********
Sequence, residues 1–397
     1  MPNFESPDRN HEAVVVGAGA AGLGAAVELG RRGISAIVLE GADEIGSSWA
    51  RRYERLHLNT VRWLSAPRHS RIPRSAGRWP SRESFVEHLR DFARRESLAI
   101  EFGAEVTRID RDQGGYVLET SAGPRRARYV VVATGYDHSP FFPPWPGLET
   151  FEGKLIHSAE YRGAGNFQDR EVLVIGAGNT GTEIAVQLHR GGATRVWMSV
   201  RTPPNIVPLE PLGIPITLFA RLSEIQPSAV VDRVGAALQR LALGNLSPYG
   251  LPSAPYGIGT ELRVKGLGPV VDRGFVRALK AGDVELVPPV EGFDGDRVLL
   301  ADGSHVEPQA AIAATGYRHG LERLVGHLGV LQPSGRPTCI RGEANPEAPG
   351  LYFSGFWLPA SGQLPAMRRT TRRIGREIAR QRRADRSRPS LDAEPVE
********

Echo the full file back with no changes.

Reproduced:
Sequence, residues 1–397
     1  MPNFESPDRN HEAVVVGAGA AGLGAAVELG RRGISAIVLE GADEIGSSWA
    51  RRYERLHLNT VRWLSAPRHS RIPRSAGRWP SRESFVEHLR DFARRESLAI
   101  EFGAEVTRID RDQGGYVLET SAGPRRARYV VVATGYDHSP FFPPWPGLET
   151  FEGKLIHSAE YRGAGNFQDR EVLVIGAGNT GTEIAVQLHR GGATRVWMSV
   201  RTPPNIVPLE PLGIPITLFA RLSEIQPSAV VDRVGAALQR LALGNLSPYG
   251  LPSAPYGIGT ELRVKGLGPV VDRGFVRALK AGDVELVPPV EGFDGDRVLL
   301  ADGSHVEPQA AIAATGYRHG LERLVGHLGV LQPSGRPTCI RGEANPEAPG
   351  LYFSGFWLPA SGQLPAMRRT TRRIGREIAR QRRADRSRPS LDAEPVE